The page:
The Commons: What we need right now is an economist

  1. the Opposition should start reading the PM’s speeches back to him.

  2. Sophie – and excellent idea.

  3. It was 20 years ago today
    Peter Milliken was sent to play
    He’s been zoning in an’ out awhile
    While talkin’ parliament’ry style
    But he’ll have them rollin’ in the aisle
    So let me introduce to you
    The act you’ve known for all these years,
    Steven Harpers’ Liberal right hand man …

  4. That, TobyornotToby, was epic.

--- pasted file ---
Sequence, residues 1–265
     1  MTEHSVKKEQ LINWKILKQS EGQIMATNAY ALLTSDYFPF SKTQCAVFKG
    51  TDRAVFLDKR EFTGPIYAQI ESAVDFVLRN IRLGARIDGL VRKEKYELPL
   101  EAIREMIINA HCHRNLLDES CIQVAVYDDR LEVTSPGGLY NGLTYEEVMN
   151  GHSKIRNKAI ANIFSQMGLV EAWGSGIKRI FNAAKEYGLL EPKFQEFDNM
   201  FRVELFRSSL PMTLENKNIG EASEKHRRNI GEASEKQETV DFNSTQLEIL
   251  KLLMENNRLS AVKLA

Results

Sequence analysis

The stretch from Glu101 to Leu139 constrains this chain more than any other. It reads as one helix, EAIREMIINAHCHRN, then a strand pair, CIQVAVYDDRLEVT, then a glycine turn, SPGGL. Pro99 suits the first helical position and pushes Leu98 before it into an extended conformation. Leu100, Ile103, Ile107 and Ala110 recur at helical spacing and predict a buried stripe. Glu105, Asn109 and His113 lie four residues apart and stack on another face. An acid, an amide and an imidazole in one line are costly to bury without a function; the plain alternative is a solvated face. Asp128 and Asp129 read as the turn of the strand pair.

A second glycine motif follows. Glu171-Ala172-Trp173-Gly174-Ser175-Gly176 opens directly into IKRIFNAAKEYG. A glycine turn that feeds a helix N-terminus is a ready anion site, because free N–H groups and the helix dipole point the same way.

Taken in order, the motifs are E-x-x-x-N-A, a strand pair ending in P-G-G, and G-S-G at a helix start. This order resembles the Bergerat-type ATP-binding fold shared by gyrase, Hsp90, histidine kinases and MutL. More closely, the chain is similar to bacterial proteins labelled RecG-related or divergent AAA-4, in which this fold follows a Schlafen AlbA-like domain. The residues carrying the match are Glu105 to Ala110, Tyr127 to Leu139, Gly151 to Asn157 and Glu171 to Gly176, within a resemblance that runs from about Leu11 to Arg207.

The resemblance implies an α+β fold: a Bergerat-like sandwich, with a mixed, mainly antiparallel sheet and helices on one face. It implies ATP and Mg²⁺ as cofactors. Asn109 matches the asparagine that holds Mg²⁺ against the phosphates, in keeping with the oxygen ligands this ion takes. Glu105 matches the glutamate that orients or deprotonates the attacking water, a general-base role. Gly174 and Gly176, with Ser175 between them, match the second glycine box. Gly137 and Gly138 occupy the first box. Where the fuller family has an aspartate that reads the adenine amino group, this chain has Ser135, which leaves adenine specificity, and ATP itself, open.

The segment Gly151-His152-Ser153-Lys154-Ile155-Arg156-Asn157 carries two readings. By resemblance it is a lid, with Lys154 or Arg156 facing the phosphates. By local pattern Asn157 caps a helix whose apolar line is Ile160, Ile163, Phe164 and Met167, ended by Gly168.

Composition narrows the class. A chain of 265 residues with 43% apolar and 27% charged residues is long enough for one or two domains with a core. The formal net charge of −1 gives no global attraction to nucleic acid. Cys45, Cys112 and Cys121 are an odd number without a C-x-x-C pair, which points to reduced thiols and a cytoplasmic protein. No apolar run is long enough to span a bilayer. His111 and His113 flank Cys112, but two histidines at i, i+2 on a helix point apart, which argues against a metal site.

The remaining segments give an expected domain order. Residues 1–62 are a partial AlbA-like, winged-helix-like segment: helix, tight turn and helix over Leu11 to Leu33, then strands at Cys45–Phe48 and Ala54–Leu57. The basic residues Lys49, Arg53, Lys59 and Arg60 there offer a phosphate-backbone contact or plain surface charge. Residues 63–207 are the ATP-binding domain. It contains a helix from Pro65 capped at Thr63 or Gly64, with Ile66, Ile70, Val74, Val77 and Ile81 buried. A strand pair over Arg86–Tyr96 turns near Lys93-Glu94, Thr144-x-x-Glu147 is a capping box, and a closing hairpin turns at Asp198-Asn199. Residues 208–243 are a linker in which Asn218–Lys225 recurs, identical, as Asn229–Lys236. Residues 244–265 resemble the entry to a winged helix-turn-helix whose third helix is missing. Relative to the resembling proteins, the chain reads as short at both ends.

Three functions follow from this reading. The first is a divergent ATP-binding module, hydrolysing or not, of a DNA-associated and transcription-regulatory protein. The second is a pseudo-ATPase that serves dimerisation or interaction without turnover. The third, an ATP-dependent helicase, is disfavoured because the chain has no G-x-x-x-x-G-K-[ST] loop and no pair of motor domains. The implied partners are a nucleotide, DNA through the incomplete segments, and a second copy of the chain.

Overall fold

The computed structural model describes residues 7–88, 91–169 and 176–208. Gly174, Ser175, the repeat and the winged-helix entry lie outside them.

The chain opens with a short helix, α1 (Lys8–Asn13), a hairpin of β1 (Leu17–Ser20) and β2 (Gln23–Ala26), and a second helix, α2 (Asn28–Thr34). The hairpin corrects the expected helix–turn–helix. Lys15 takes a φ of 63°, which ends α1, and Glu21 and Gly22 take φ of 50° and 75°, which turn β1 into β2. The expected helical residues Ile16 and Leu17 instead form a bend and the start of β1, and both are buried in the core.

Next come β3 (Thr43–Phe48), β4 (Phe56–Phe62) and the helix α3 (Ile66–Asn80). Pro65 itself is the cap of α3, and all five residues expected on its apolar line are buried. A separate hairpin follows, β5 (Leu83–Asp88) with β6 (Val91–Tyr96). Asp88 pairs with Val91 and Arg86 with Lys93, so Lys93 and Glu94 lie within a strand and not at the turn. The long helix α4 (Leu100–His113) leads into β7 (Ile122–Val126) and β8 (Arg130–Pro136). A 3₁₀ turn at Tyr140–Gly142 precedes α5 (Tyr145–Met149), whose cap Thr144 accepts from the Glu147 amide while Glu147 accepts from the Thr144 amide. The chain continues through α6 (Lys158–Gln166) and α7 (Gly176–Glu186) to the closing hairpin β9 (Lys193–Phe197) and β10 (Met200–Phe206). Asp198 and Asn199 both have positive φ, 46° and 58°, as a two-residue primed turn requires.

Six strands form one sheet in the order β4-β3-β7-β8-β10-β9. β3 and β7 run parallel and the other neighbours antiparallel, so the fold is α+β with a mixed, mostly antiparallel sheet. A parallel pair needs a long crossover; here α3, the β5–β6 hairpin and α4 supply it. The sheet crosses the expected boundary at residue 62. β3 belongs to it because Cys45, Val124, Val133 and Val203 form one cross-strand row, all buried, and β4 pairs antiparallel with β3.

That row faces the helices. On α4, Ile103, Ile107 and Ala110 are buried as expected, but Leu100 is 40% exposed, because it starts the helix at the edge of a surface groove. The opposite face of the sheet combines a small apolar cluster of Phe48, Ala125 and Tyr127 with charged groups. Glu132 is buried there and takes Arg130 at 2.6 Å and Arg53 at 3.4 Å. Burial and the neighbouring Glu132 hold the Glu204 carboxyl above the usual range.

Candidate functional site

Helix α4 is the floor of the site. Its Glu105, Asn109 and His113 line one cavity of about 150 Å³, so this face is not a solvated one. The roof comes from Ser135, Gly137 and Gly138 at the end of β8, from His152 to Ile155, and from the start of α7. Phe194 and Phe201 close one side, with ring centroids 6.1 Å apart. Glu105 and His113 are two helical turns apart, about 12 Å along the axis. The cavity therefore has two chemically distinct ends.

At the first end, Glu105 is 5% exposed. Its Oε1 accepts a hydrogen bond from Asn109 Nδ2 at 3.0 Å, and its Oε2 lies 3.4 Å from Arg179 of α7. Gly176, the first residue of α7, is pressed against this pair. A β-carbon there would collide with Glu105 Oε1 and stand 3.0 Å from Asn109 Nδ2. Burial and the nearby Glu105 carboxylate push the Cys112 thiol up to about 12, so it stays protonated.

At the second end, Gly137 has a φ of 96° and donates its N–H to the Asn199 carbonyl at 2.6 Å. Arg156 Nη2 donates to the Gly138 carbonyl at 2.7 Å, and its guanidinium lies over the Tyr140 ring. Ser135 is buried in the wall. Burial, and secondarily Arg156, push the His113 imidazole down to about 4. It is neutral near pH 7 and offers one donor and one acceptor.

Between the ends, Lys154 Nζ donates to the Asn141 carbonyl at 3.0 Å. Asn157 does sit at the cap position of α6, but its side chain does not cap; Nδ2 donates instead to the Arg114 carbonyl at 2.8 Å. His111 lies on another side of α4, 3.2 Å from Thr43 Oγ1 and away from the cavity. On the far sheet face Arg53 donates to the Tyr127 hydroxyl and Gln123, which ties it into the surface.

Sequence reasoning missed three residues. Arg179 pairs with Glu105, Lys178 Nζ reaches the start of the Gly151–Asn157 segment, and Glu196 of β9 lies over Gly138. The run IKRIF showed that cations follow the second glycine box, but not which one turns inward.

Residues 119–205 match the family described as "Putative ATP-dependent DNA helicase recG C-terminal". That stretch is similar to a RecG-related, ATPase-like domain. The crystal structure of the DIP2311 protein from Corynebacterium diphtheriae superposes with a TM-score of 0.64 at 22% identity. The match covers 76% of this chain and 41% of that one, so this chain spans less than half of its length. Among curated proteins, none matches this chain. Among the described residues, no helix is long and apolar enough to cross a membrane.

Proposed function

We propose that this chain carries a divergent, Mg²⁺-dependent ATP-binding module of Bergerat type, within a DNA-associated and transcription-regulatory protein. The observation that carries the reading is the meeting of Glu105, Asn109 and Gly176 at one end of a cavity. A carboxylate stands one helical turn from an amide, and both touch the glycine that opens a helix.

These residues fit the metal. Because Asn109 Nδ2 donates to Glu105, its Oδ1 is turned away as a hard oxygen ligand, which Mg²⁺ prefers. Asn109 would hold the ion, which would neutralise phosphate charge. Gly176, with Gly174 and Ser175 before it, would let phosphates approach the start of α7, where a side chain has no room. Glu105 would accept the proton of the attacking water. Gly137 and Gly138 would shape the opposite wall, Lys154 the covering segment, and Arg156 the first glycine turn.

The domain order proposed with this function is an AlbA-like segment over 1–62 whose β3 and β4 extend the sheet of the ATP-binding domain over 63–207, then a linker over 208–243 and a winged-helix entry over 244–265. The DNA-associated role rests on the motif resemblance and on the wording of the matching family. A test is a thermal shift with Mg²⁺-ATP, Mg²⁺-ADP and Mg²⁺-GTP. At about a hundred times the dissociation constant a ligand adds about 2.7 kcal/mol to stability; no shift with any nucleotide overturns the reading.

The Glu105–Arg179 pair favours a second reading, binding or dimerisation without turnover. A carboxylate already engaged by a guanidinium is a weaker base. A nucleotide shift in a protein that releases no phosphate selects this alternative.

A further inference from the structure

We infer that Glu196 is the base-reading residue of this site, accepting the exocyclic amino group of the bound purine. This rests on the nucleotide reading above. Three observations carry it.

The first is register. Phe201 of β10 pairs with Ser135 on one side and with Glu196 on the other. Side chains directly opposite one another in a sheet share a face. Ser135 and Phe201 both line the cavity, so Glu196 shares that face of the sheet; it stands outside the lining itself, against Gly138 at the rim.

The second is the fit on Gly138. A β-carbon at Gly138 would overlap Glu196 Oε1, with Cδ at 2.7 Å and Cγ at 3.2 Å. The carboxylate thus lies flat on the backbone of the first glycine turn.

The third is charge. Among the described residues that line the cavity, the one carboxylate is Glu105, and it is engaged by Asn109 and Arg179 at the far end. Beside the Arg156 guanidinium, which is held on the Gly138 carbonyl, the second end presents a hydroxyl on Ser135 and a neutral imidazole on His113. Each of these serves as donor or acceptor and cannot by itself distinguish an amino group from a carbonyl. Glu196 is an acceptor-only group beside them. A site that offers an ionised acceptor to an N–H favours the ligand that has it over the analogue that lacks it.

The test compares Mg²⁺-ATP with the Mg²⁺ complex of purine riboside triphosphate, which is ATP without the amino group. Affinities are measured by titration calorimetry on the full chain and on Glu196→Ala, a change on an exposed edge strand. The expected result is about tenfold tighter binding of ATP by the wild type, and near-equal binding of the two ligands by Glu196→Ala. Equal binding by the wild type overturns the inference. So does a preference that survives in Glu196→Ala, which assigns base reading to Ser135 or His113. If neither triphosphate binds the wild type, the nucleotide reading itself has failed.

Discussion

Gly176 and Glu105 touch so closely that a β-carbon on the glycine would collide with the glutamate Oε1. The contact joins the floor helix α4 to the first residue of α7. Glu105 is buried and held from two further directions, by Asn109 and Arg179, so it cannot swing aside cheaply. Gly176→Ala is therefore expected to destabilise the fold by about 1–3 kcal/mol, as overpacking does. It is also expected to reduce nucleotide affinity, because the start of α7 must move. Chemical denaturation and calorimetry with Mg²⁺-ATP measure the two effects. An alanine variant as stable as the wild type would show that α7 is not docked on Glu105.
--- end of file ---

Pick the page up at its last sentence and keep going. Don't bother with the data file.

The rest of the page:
5. The behaviour of the Liberal Party during this crisis is ample evidence as to why they do not deserve to ever lead this country again. Their selfish, partisan, misleading attacks do nothing to help the situation and do much to engender fear and uncertainty. While they were releasing a campaign platform with billions of new spending, Mr. Harper was lowering taxes, stimulating the economy and reducing trade barriers. He didn’t just start doint it yesterday or even 3 weeks ago like the Liberals; he started this over a year ago. Harper did not create the US housing melt down; he did not create the world wide credit crisis but by blaming him for all the world’s faults and causing more fear and uncertainity in the Canadian economy, Liberals are making the fallout he in Canada that much worse. During a time when all Canadians should be working together to encourage confidence and instill trust in our institutions, Liberals are using it to score cheap political points. Disgraceful.